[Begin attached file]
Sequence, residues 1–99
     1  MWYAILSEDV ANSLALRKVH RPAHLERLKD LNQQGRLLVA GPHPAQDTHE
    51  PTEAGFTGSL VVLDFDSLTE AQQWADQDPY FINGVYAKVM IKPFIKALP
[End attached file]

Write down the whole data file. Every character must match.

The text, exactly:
Sequence, residues 1–99
     1  MWYAILSEDV ANSLALRKVH RPAHLERLKD LNQQGRLLVA GPHPAQDTHE
    51  PTEAGFTGSL VVLDFDSLTE AQQWADQDPY FINGVYAKVM IKPFIKALP